The Greek Grand Prix - Craziest story of the week?!
We wouldn't make any travel plans just yet...
I have been a Formula One fan for almost twenty years, but today I have read the most ludicrous and absurd news story I have ever seen.
It is the story that the Greek Government has released thirty million euros for construction of a circuit capable of hosting Grand Prix level motorsport.
With recent excursions to places like Abu Dhabi, China and Singapore, we have seen an increase in Grand Prix held in countries with no Grand Prix drivers or motorsport heritage, but the difference is all these countries have billions of dollars to spend on the circuits and show the world how rich they are. Greece does not have this.
They are a country that needs to make eleven billion euros of budget cuts this year in order to qualify for the next bailout totalling 130 billion euros from the International Monetary Fund.
In a time of global financial hardship, people are not visiting Grand Prix in the numbers they used to. Even historic tracks like Spa Francorchamps are losing money and there is a real danger that it will drop of the calendar.
The same applies to Germany, the country that is in financially in control of Europe. They too are also struggling to keep their own circuits open. It was not long ago that Germany hosted a Grand Prix at both Hockenheimring and Nurburgring every year, but now they cannot do that and as a result are currently alternating the race. Nurburgring in imminent financial danger, even though Germany has a solid stream of local talent to attract spectators, another thing Greece does not have.
Australia is another good example; they have a big name driver at a championship team in Mark Webber, a fantastic track in Melbourne but without increasing Government investment (as an example, it rose from 10.6m Australian Dollars in 2003 to 34.6m Australian Dollars in 2007) to counteract the rising fees imposed on them by Bernie Ecclestone and FOM, the races long term future is in serious doubt.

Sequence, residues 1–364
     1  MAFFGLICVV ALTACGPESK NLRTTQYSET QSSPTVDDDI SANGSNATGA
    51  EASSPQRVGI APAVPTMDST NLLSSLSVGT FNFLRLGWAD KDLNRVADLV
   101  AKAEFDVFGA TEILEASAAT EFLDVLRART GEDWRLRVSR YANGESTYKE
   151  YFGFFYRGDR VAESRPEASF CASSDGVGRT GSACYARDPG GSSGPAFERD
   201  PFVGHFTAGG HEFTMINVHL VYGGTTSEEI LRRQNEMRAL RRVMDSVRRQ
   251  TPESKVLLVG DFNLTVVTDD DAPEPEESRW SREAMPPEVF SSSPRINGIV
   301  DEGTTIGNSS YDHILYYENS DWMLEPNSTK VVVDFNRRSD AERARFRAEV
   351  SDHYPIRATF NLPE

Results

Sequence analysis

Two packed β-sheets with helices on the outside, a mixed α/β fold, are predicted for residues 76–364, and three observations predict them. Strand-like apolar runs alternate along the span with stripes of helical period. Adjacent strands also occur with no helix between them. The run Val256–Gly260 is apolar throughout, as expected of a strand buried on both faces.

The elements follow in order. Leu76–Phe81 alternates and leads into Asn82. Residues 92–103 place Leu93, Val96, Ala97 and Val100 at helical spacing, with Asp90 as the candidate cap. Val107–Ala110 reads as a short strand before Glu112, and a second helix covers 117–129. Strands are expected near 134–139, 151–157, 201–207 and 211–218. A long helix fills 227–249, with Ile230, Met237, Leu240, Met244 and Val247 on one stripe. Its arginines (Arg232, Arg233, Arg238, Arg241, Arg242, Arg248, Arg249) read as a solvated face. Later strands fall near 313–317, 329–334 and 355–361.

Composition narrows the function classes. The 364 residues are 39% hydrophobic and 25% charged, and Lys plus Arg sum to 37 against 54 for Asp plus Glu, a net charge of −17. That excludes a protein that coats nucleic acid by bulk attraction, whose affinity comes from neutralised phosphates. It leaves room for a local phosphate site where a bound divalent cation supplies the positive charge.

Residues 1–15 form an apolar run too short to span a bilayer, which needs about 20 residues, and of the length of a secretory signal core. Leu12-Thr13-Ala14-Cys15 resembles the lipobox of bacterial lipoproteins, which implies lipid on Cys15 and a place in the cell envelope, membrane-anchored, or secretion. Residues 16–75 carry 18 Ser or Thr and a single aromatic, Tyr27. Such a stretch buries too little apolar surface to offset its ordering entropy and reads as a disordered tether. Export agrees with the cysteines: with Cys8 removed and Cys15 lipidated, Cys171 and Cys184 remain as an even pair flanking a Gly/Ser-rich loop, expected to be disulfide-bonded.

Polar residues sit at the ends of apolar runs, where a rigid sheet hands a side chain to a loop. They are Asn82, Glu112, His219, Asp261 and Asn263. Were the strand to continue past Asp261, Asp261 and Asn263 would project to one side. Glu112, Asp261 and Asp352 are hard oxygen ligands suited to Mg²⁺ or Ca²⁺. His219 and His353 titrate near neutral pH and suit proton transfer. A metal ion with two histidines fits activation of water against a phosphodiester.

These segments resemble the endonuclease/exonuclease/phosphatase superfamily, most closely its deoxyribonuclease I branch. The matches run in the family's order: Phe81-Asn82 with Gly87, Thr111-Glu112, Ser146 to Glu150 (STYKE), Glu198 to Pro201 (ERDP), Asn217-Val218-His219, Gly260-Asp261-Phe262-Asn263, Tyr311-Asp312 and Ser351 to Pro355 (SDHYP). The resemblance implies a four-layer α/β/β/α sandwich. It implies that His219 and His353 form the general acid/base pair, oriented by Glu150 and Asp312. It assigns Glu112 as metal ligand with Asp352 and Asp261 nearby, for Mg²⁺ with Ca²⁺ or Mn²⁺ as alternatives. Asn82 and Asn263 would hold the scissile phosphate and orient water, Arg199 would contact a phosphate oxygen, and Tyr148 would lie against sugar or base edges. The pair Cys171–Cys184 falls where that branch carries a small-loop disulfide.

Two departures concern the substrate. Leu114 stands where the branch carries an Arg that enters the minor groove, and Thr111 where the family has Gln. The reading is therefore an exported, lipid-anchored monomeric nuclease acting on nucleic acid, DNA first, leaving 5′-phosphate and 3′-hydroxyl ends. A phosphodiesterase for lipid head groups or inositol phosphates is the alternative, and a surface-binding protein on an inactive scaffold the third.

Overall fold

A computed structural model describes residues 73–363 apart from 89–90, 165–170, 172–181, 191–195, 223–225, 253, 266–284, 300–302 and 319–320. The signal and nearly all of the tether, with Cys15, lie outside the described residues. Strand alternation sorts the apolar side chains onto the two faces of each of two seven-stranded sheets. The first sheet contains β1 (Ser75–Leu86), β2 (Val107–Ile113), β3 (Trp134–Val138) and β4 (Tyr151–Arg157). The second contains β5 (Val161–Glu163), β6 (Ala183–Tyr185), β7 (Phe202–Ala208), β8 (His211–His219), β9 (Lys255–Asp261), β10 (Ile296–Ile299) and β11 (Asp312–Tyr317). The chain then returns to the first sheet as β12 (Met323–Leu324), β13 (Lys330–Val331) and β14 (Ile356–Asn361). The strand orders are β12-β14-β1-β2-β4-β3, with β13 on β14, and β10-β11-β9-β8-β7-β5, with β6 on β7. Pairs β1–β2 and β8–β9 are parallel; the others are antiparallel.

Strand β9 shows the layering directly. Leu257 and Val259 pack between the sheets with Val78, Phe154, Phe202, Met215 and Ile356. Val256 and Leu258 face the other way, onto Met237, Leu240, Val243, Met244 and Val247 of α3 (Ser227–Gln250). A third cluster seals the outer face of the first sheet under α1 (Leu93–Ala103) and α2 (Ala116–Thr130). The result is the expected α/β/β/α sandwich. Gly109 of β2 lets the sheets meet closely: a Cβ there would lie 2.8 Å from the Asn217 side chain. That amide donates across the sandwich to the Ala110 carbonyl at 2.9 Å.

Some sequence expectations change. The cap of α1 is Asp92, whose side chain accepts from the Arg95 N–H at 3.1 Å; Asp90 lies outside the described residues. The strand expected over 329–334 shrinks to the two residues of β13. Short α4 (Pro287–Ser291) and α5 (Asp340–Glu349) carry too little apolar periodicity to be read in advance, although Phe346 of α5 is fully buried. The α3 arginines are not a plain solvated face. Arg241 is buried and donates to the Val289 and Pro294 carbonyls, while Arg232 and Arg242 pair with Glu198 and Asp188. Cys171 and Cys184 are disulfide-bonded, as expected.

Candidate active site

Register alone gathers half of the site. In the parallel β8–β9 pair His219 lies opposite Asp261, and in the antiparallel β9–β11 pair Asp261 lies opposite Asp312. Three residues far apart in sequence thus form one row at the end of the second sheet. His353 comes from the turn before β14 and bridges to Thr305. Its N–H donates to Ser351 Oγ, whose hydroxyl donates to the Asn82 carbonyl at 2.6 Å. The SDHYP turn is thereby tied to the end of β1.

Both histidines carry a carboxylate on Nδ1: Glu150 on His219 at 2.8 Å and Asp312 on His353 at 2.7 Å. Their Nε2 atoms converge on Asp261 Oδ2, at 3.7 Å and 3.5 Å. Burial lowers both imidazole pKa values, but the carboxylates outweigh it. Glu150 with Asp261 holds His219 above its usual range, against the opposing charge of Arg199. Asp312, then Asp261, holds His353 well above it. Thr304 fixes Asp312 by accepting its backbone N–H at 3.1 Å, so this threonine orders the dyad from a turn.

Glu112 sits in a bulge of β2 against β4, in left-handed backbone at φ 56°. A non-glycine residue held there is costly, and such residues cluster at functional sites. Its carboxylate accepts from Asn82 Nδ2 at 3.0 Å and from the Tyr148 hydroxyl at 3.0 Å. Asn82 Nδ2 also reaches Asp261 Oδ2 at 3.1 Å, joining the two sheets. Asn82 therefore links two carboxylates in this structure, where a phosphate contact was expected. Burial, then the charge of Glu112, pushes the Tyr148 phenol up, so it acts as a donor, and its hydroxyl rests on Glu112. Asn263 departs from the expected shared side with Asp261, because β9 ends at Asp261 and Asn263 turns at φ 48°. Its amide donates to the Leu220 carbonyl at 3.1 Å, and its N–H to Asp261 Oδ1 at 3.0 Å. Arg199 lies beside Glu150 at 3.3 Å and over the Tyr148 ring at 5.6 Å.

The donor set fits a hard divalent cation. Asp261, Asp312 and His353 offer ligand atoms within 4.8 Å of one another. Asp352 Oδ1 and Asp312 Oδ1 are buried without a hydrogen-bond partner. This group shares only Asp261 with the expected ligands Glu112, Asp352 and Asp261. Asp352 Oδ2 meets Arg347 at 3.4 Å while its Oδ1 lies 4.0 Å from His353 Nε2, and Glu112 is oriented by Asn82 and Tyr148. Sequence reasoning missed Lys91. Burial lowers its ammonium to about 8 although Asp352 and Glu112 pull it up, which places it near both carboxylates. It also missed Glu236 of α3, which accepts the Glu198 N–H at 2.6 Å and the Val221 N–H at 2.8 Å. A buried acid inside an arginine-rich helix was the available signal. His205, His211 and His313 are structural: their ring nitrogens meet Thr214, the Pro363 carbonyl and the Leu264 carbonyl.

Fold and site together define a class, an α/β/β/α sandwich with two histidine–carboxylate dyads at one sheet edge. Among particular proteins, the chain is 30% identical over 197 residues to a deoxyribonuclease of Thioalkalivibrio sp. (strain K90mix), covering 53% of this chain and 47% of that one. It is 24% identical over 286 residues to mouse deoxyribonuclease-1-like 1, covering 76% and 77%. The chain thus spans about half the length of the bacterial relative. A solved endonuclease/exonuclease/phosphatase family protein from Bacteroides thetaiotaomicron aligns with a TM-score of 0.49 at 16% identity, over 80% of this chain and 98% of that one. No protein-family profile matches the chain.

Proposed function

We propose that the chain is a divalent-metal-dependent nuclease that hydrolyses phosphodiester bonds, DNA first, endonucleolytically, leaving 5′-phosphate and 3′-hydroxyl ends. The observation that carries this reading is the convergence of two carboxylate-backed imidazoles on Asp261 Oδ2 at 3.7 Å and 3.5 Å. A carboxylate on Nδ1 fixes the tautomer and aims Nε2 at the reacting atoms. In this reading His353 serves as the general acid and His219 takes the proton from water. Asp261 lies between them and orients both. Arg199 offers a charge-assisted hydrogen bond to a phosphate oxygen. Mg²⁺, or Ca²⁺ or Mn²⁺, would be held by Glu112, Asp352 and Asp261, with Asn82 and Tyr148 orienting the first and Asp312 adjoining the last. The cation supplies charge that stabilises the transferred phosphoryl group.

While planning this article, I was thinking of the Greek motor racing heritage, and all I could think of was the ill fated attempt at an A1GP team in 2006. They made their début in the Dutch race that year with Takis Kaitatzis and he finished eighteenth and fifteenth in the two races, Nikos Zachos did the feature race in the Czech Republic and was nineteenth before Zachos took the car back for a retirement in the sprint race. After that the team closed down.
That is the sum total of Greece’s involvement in international motorsport, they have no active circuits in the country so if a young Greek driver wanted to further his career he would have to do so in an alternative country. The fact that none have done that speaks volumes about interest in the country. Robert Kubica and Marko Asmer (Estonian former BMW Reserve driver) both come from a country that has no motorsport facilities and still make it to Formula One shows that if the interest and talent exist it can be done.
So basically a country that has no history in motorsport and no money to build a circuit is going to build a circuit of the off chance that they will be given a Grand Prix that long-standing countries are struggling to make a profit on.
Makes sense to me! As much as I love Formula One, if I was Greek I would be disguised with my Government spending this money on a frivolous attraction rather than where it is sorely needed.
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